Role of Adolescents’ Psychological Well-Being on Transmission of Domestic Violence

Emel Genç Full Text: PDF


This study aims to investigate the psychological well-being as a potential moderator of the effects of childhood exposure to violence on the future risk of transmission of violence into romantic relationships. A sample of 3,193 participants from the National Longitudinal Study of Adolescent Health data was used to examine psychological well-being whether the link between exposure to violence in childhood and experiencing intimate partner violence in adulthood was disrupted. Findings showed a significant relationship between childhood exposure to violence and later perpetration and victimization of intimate partner violence. Further, adolescents’ higher sense of well-being was negatively linked with the violent acts toward an intimate partner and the lower risk of victimization of intimate violence in adult relationships. While the proposed moderator did not interact with childhood exposure to violence to lessen the future risk of being violent or experiencing violence in the intimate relationship, well-being was linked with lower levels of violence in romantic relationships in adulthood. Conclusions suggest that clinicians should focus on how to improve the psychological well-being of adolescences to help prevent future IPV.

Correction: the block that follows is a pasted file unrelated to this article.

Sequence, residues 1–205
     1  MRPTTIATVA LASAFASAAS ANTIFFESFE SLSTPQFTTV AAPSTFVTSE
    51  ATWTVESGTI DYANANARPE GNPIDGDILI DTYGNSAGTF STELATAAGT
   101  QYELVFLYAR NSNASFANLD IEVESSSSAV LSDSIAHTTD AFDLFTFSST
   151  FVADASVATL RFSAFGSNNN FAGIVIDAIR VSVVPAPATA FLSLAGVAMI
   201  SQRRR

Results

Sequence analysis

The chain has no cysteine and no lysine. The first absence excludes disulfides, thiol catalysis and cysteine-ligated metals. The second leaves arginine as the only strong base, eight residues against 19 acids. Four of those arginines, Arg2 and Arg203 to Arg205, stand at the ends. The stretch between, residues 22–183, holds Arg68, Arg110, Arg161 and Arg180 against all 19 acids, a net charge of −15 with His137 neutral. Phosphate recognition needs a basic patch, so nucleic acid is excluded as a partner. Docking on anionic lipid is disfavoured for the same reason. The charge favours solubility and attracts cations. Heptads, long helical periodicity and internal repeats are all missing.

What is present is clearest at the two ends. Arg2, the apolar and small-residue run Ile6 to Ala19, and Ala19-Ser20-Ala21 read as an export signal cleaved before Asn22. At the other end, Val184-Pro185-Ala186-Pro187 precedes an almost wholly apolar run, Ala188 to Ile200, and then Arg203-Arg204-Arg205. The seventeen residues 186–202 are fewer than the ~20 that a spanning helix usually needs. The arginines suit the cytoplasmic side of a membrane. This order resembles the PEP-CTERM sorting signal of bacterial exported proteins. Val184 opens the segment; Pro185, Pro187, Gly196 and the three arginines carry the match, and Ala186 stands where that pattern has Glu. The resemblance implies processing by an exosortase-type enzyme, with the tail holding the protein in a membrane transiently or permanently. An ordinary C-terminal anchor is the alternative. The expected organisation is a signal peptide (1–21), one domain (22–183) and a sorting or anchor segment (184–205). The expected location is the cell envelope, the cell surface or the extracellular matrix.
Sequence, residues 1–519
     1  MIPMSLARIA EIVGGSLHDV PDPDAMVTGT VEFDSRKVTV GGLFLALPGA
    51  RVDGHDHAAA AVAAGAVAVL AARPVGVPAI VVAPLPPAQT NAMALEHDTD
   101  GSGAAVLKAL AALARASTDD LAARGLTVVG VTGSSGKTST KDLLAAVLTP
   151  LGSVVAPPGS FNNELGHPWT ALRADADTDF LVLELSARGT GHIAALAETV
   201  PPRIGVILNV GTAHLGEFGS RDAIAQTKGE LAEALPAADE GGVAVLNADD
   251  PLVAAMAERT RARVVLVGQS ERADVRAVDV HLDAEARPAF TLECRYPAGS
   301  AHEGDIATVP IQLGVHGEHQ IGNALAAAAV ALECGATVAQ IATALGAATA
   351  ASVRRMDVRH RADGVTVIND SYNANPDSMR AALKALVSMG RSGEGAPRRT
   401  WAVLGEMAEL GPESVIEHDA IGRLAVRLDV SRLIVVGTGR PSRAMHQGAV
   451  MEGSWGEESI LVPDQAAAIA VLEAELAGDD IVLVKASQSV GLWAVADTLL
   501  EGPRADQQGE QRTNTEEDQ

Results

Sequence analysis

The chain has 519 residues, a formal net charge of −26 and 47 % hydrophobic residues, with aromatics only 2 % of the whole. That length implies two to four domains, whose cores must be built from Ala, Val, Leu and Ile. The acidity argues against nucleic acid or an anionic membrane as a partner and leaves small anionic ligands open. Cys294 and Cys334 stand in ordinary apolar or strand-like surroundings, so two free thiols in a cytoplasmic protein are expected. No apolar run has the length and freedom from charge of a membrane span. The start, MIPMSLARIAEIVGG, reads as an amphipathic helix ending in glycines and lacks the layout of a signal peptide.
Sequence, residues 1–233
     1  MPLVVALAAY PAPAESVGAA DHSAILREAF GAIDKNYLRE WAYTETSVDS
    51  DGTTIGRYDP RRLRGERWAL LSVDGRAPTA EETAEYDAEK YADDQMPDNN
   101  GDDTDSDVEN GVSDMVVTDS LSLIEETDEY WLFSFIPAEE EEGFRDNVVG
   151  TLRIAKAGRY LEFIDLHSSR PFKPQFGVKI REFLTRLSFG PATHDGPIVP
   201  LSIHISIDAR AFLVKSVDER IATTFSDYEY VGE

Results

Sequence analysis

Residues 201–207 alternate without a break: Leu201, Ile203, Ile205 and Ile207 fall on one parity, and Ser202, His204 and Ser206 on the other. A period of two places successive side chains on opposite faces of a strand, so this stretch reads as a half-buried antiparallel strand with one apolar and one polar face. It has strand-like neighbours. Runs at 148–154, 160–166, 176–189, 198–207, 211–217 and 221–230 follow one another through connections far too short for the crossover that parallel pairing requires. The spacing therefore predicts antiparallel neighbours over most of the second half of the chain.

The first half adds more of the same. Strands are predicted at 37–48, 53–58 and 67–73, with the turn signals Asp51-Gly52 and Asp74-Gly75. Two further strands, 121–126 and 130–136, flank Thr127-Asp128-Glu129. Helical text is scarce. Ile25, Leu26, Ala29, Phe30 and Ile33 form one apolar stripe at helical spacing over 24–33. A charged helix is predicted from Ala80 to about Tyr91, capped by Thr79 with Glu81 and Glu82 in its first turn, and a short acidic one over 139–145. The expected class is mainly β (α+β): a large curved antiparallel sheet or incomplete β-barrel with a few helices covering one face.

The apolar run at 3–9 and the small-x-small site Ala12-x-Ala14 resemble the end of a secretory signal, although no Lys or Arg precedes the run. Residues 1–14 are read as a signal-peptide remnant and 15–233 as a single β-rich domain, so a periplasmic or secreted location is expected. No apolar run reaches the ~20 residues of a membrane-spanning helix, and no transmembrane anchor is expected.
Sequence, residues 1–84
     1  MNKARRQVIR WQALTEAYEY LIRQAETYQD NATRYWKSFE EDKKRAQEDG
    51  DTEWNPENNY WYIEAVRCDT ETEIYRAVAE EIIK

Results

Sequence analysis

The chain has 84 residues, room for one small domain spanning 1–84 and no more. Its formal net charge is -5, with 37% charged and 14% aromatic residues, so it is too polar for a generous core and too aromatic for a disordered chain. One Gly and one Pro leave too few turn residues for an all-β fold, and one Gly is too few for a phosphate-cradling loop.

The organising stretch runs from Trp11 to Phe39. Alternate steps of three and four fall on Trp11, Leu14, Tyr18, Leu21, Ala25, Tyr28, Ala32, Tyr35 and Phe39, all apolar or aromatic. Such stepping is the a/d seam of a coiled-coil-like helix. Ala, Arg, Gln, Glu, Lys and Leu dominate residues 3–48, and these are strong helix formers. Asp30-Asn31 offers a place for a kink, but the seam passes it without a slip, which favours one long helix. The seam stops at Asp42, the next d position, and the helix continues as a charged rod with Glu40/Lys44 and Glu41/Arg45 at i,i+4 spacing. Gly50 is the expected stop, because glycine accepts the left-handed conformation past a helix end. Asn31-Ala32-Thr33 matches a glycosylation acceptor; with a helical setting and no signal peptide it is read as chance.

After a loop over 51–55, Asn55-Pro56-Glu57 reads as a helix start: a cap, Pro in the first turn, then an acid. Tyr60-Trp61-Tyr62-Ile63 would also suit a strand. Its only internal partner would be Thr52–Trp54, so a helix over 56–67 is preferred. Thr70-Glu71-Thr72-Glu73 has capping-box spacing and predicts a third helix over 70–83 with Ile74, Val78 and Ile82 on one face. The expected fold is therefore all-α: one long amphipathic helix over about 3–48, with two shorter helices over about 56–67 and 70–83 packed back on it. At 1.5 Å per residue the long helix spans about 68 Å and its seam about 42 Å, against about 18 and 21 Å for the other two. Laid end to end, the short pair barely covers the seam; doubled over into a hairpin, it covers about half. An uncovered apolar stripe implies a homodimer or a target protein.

Keywords: adolescents; exposure to violence; intimate partner violence; psychological well-being; transmission of violence